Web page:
Since most texts have a dearth of these nonroutine questions I found myself creating my own when I was in the classroom. Now I share them with my online "family".
---Would you give this problem or a version of it to 6th graders? Earlier? Only students in a geometry class? Only accelerated/honors students? My belief is it's appropriate for many "levels" but how we PRESENT it will change!
---Of course students need to sketch or graph it but is there benefit from both hand graphing and use of software like Geogebra? I believe the software can open vistas and promote inquiry not possible with just a manual sketch but a balance is still important. Learning HOW to use interactive geometry software is an aim here but it's not an END!
---Can you predict how many of your students would consider rectangles other than the obvious one whose sides are parallel to the axes? Should asking for the "maximum" area suggest there is more than one possible rectangle, in fact infinitely many? Would you give them the "answer", 6.5, and have them justify it?
---How exactly would you want them to draw and consider other rectangles? This is not an obvious issue at all in my opinion.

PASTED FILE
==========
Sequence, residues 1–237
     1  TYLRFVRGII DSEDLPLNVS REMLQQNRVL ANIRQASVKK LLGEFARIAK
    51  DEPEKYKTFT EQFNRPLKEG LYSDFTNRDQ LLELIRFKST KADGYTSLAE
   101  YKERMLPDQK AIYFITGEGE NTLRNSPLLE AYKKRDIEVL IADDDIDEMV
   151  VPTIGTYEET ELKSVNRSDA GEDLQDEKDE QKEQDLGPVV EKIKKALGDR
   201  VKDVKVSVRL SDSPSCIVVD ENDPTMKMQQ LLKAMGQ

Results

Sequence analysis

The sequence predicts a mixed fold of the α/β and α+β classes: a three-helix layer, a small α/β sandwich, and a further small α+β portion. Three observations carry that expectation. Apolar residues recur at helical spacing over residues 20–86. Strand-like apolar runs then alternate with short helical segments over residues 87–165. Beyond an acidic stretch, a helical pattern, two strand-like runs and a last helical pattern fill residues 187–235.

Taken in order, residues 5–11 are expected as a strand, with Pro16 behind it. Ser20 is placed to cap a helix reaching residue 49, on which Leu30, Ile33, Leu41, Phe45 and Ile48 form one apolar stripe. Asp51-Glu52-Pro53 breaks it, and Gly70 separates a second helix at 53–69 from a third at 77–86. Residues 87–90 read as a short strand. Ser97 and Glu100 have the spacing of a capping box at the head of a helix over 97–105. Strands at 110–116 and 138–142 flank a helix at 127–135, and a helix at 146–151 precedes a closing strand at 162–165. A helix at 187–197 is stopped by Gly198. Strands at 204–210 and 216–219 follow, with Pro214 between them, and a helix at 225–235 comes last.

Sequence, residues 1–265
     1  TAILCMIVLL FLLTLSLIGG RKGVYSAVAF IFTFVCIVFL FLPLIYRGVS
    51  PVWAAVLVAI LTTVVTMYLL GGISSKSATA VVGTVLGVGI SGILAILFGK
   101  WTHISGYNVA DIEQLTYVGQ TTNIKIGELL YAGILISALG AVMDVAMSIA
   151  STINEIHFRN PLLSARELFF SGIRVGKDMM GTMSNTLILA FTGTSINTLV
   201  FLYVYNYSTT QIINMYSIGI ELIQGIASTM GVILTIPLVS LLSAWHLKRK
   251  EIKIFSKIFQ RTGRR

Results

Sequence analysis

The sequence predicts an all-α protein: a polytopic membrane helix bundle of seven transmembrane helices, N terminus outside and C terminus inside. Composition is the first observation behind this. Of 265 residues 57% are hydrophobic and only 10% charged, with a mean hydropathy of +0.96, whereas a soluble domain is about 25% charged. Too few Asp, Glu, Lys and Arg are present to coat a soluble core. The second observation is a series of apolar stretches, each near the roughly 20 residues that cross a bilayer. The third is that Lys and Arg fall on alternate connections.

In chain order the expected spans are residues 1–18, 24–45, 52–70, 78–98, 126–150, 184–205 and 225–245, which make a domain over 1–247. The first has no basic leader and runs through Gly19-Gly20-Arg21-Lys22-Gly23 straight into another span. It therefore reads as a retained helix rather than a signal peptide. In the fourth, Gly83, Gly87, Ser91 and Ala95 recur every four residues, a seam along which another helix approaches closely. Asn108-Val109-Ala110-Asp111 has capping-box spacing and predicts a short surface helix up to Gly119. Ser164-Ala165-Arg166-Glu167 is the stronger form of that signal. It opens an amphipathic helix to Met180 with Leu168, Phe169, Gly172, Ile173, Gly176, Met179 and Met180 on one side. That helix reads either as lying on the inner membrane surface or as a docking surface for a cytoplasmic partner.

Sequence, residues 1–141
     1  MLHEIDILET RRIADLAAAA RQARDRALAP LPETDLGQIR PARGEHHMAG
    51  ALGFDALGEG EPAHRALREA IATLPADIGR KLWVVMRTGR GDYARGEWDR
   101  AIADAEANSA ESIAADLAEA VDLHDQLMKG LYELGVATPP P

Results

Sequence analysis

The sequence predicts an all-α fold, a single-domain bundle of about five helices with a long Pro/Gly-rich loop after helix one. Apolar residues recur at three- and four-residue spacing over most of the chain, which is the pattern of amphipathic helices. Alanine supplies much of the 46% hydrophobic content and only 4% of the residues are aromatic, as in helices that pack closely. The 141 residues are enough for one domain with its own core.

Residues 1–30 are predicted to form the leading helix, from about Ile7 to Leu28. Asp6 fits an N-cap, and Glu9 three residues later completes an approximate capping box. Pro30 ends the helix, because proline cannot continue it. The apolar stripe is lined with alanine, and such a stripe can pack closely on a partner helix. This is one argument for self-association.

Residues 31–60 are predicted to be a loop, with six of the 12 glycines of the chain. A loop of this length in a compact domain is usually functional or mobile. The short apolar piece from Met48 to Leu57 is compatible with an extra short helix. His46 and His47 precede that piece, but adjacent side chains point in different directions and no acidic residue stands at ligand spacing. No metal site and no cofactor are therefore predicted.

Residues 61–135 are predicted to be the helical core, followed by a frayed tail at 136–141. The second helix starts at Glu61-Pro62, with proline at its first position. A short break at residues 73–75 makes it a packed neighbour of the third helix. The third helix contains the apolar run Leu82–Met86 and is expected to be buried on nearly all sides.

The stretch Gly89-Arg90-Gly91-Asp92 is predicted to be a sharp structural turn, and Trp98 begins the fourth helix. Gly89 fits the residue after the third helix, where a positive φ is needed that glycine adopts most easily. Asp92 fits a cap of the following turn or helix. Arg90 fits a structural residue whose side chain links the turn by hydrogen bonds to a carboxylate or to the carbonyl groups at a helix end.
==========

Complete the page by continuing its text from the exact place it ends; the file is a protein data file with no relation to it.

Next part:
---Would it be too much of a reach to expect a DEMONSTRATION of WHY the square is the rectangle of maximum area with a given diagonal? Would you relate this to the important idea that the triangle of max area with 2 given sides is a right triangle?
---Do you think discussion in class would lead students to a deeper understanding of the diagonal properties of a rectangle and the square as a special case? It isn't necessary for us to anticipate ALL the BIG IDEAS which emanate from problem-solving. What do you see as the main ones here?
---I depend on your comments here otherwise I'm writing in a vacuum. Your thoughts and constructive suggestions are not only welcomed but strongly encouraged!